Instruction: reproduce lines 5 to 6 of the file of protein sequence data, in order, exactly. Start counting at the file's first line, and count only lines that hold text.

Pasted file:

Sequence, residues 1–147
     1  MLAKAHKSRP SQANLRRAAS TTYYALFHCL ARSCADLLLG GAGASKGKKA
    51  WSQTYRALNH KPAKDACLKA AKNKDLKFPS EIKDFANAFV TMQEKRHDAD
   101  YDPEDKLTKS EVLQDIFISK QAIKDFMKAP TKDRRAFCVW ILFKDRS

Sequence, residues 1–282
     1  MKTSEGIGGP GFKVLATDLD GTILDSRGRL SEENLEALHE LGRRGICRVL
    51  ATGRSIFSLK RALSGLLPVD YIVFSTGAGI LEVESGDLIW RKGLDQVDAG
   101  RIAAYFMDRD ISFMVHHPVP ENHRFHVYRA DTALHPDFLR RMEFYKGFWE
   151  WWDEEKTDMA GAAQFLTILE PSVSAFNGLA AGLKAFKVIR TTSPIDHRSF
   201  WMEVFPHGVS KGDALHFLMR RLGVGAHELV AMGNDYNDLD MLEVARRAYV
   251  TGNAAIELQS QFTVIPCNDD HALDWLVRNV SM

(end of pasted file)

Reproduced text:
Sequence, residues 1–282
     1  MKTSEGIGGP GFKVLATDLD GTILDSRGRL SEENLEALHE LGRRGICRVL